Flying

I’m running around getting ready to fly to NY on short notice thanks to a death in the family. I’m in the middle of knitting a skirt, which unfortunately thanks my not so tiny waist is a big project. I find some lacy yarn and decide that my backup project will be a lacy shawl/scarf. I need something that I can hide in my purse.

Now it’s time to get my bag ready. No scissors, the TSA doesn’t like those. How many knitting needles are too many to take on a carry on? I am to bring my knitpicks stash but what if they say I can’t bring it on the plane. Better to lose one or two needles than my whole set. I have to go through the stitch holders and make sure nothing looks dangerous.

Now I’m also worrying that the pattern I picked out for the scarf/shawl is too complicated. I don’t think I’ll be able to pull off knitting during the wake, but I want to be able to bring it out at other times. What if my flight is delayed twelve hours like the last time I flew home from NY? I know, I am overreacting. Is this knitting a hobby or an addiction? I am getting anxious trying to decide what I’m bringing.

I’ll figure it out somehow and will write more later.

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Sticks and Needles Part II: Shapes and Sizes

Most of us picture a pair of knitting needles, long and skinny with a knob at the end.  I’d imagine them being aluminum and purple.  Those were my first pair of knitting needles bought at the local store, Raindew.  I loved the click click sound they made as I create each stitch.  It was not until years later that I learned about the variety of needles out there.

Straight Needles: These are the long skinny needles with a knob at the end.  They are good for scarves, small blankets and smaller simpler projects.  The knob at the end prevents the stitches from falling off and the stitches are passed from needle to needle with each row.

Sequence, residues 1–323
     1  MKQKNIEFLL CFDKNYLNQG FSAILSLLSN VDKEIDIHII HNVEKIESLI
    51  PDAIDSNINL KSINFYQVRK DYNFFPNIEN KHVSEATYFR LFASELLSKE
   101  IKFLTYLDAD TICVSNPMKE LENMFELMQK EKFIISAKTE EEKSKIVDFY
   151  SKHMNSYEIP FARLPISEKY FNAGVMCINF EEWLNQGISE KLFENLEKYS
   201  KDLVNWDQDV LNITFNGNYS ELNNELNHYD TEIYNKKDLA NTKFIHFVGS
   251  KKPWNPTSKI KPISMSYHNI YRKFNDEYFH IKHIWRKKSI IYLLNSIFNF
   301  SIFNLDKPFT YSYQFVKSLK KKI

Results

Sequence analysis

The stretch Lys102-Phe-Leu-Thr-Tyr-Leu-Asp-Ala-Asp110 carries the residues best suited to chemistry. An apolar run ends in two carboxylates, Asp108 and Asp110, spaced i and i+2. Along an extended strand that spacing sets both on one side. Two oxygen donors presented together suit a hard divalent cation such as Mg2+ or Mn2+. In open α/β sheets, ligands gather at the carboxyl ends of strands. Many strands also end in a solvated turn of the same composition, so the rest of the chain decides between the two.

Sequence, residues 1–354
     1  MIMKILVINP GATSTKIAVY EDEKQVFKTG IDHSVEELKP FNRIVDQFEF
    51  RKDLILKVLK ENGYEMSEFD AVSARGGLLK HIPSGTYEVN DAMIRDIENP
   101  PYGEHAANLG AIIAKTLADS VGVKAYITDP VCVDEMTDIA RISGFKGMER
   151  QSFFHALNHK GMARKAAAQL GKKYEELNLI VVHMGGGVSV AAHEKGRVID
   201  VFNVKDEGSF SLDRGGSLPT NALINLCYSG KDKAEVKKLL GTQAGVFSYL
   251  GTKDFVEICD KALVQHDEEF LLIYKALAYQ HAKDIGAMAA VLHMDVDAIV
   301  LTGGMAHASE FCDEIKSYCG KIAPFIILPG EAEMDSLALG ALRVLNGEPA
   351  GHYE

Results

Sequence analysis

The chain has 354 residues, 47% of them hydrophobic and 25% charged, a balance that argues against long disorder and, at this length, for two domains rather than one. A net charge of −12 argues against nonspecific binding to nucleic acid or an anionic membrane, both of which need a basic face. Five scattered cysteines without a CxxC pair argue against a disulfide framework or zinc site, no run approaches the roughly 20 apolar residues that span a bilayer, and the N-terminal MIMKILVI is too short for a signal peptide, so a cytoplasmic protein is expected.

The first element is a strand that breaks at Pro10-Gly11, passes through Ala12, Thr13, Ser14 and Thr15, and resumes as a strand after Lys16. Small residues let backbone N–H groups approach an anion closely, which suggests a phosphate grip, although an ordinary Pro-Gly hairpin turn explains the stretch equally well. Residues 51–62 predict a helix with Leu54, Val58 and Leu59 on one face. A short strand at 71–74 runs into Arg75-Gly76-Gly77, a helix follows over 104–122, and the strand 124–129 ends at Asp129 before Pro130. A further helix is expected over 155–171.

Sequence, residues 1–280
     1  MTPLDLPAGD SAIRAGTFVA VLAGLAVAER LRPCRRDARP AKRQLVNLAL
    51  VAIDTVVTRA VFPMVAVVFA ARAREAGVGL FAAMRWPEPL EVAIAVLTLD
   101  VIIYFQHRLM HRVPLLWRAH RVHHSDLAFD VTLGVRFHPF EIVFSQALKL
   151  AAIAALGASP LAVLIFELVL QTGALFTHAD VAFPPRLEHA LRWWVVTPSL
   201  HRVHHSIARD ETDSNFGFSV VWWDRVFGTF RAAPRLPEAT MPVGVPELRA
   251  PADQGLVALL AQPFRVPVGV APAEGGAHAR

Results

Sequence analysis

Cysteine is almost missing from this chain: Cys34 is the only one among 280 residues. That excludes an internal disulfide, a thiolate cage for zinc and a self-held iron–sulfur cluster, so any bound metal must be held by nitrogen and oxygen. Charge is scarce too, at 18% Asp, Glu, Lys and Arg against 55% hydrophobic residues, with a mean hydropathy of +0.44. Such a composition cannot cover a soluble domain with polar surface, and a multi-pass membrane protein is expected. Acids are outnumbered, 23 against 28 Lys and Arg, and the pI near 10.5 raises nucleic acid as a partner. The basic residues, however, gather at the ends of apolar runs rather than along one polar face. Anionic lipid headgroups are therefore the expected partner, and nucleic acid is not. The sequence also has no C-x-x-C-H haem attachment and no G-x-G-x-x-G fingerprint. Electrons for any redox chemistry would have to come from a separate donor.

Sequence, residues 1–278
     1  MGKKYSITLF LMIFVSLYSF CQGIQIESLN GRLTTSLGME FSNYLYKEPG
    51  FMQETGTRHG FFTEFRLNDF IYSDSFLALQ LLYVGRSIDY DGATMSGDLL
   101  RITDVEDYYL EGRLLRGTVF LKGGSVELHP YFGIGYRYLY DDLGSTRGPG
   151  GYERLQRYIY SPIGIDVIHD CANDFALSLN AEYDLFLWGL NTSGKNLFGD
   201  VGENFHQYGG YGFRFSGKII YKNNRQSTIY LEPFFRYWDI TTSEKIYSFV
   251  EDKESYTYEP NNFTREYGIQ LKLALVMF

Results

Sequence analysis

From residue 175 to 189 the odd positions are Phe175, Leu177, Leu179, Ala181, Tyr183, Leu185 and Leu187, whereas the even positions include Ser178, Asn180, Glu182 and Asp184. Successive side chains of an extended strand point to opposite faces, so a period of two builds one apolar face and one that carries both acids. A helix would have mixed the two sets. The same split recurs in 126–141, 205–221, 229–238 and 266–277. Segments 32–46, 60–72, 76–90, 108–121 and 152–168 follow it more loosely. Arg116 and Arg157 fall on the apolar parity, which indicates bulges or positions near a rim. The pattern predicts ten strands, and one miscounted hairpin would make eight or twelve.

Double Pointed Needles: These are shorter, skinny needles, usually coming in packs of four or five.  Both ends are pointed with nothing to prevent stitches from falling off.  These are used for socks, i-cords, stuffed animals and small shaped projects.  The stitches are knitted in the round, going from needle to needle with two-four needles holding yarn and one ‘working’ needle.

Circular Needles: These are two straight needles connected by a cord.  The yarn is knit from one needle onto the other, with the stitches sliding on or off via the cord.  These are used for round projects such as hats and sweaters, can be used using two needles to make objects that would normally require double pointed needles (knitting with two circulars), or can be used for knitting flat objects such as scarves by turning the work at the end of each row as if one was working with two straight needles.

Cable Needles: These are used for cables.  They are a smaller needle, usually in the shape of a hook or similar to a ‘V’.  These are used for holding stitches behind or in front of the work, while other stitches are knitted and then knitting the cable needle stitches to create a bump, design or cable.

Sticks & Needles Part I: what’s your needle made of?

Knitting needles are those indispensible tools of the knitting trade that seem so simple and yet are available in an immense variety.  Many people remember the long skinny metal sticks that their Grandmothers used and the sound of the click click click, stitch by stitch.  Today, needles are found in just about any material.  The most popular ones are:

Metal: smooth, good for quick stitches, can be more difficult for slicker yarns.

Wood: Warm to work with, more mailable will flex while working, better for slick yarn and tighter stitches. 

Plastic: Light, smooth, flexible.  Can become very warm while using.

Bamboo: Has a lot of the same qualities as wood needles but are lighter.  They are also more abt to breaking (as I have broken my share of cheap ones).

If you are just starting out, try different needles to see what is most comfortable.  As with everything, different people like different materials.  My favorites of the moment are my Knitpicks Harmony needles and the Lantern Moon Sox Sticks.  I do go through phases where I prefer to use metal needles.